A tough day, with no PB at the end of it, but I’m still happy. I finished the 2014 Dublin Marathon in 3:38:59, just beating the mythical 3:39 barrier all us marathon runners talk about.
(You can find all the Dublin Marathon 2014 results online, and in cold print in tomorrow’s Irish Independent.)
My finishing time was a good half-hour slower than what I had trained for, and what my race results during the summer suggested I could achieve. Still, I’m pleased that I managed to turn a difficult run into a decent time – and after all, it’s the second-fastest of my five Dublin Marathons to date.
I’m not sure what happened to me today. All I can do is present the facts; despite training well for 18 weeks and feeling fine before the race, from the very first mile I felt I was working too hard to maintain a 7:10 mile pace that should have been comfortable for me. I got as far as mile fifteen on schedule, but from there I slid into 8-minute pace until mile 20, and 10-minute miles from there until the finish.
I have no qualms about the conditions, so I can’t blame them. I didn’t find the breeze so bad, nor the temperature so unseasonably warm. (My second-fastest marathon ever was run in 30-degree heat.) And the hills and drags weren’t so fearsome. No, today’s underperformance was all my own work.
But people have had worse marathons. Even though the last ten miles today were probably the worst I’ve ever felt in a race, in hindsight I’m glad that I kept the head together and ploughed on to the finish.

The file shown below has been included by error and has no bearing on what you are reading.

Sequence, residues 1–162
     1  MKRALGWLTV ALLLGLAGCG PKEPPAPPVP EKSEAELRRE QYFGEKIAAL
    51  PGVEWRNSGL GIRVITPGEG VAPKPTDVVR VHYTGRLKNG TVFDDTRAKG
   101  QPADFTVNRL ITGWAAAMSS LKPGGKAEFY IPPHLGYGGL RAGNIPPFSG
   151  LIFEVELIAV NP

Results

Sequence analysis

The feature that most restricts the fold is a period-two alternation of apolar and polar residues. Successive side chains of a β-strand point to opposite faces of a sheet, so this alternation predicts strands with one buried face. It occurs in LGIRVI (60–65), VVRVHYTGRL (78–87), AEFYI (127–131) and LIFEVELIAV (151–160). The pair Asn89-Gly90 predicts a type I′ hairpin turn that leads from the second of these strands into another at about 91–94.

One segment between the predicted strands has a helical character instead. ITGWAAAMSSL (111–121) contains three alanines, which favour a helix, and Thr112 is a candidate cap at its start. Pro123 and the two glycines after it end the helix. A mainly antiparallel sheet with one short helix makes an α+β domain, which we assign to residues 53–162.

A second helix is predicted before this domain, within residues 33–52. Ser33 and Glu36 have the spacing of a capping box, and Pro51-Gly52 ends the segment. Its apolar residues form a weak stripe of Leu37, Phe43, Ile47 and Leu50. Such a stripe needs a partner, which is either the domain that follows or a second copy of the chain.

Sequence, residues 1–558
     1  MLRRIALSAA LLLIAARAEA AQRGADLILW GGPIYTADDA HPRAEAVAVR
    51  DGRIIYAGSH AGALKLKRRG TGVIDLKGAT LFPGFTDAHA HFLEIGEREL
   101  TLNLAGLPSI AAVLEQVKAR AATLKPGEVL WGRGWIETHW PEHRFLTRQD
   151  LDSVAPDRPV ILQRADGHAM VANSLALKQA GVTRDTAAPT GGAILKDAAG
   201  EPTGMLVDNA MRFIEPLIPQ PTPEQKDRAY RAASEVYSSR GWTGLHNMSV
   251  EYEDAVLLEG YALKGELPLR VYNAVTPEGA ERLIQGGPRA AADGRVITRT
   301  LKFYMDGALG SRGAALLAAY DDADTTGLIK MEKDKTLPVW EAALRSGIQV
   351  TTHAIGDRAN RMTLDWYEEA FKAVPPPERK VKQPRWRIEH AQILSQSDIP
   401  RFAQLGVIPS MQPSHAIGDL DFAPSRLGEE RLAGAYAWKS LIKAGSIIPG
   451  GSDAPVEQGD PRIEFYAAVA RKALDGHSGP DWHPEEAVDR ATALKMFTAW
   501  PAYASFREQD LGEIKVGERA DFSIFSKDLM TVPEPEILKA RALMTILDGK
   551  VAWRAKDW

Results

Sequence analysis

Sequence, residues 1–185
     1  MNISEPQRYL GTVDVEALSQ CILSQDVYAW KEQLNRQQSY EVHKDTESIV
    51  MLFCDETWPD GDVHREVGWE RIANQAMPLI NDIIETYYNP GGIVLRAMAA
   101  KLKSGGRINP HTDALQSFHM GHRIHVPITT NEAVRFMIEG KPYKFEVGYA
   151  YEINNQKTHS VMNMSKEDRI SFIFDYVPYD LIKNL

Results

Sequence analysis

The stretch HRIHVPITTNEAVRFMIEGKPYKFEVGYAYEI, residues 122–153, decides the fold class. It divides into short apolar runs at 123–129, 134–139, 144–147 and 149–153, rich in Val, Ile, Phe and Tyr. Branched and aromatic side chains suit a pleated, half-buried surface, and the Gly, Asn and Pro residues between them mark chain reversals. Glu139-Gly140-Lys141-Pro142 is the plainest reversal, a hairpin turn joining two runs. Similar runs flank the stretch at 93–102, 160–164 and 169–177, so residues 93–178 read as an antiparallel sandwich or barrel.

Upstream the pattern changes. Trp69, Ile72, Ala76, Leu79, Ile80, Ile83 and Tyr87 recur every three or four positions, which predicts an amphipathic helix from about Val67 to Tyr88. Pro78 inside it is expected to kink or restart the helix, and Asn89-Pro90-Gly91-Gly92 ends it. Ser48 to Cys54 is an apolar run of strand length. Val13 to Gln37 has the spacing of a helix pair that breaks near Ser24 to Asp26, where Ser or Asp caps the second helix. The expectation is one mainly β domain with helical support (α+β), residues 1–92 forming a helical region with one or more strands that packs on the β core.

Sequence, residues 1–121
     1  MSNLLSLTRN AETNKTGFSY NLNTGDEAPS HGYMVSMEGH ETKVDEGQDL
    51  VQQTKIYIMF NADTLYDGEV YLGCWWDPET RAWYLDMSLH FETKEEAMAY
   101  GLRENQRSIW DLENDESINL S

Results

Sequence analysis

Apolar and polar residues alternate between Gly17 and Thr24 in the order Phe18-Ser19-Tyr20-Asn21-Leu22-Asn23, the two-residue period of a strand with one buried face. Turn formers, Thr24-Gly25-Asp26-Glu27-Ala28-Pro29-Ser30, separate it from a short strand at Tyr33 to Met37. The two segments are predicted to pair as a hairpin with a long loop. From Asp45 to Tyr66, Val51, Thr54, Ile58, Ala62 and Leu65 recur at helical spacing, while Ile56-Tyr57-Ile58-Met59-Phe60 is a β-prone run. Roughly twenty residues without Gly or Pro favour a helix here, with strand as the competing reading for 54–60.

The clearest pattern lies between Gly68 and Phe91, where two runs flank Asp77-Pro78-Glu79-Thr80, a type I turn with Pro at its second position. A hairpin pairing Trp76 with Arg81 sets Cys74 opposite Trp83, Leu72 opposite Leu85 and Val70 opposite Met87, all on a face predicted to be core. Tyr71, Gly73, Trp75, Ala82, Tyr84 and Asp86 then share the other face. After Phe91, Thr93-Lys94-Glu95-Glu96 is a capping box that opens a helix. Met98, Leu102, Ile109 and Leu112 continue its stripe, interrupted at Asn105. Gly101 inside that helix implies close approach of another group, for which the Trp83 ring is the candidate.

I liked the new Dublin Marathon course. The first mile through the old red-bricked streets of the Liberties was full of character, if not the characters that used to line the old route along the North Circular Road – and the tight corners weren’t as congested as I had feared. (That might have been different for runners elsewhere in the field.)
And I’m sure our overseas visitors were happy to pass two popular Dublin landmarks – Christchurch cathedral and the Guinness factory. The familiar heady smell of hops wafted over us as we passed the Guinness riverfront gate coming up to mile three. I passed the 5-kilometre marker in 22 minutes.
Next came the long drag up to and through the Phoenix Park. The Dublin Marathon has in most years gone up the centre of the Park, but perhaps the major route changes elsewhere made Chesterfield Avenue stand out more than before. What was forecast as a south-westerly breeze, which would have been behind runners, transpired to be a north-westerly into our faces. However, the field was still fairly packed through the Park, allowing runners to draft and take shelter.
Leaving the Phoenix Park, we passed through a great new addition to the Dublin Marathon; Castleknock was rocking, and may well have taken Chapelizod’s crown as the best town of support on the route. In particular, I’ll give a big shout out to the man playing the clarinet; well done, that man.
From Castleknock the route went downhill and back towards the north-western entrance of the Phoenix Park, down the Lower Glen Road for another downhill stretch to the Chapelizod gate. This was a welcome ease for runners; still, I noticed that the field around me had strung out considerably by now. It seemed that some runners were already having a bad day.
Despite its now-customary waft of barbecue, Chapelizod was quieter than last year. But further along the road at mile 11, Kilmainham drew a large crowd. By this point, though, I was definitely working harder than I expected.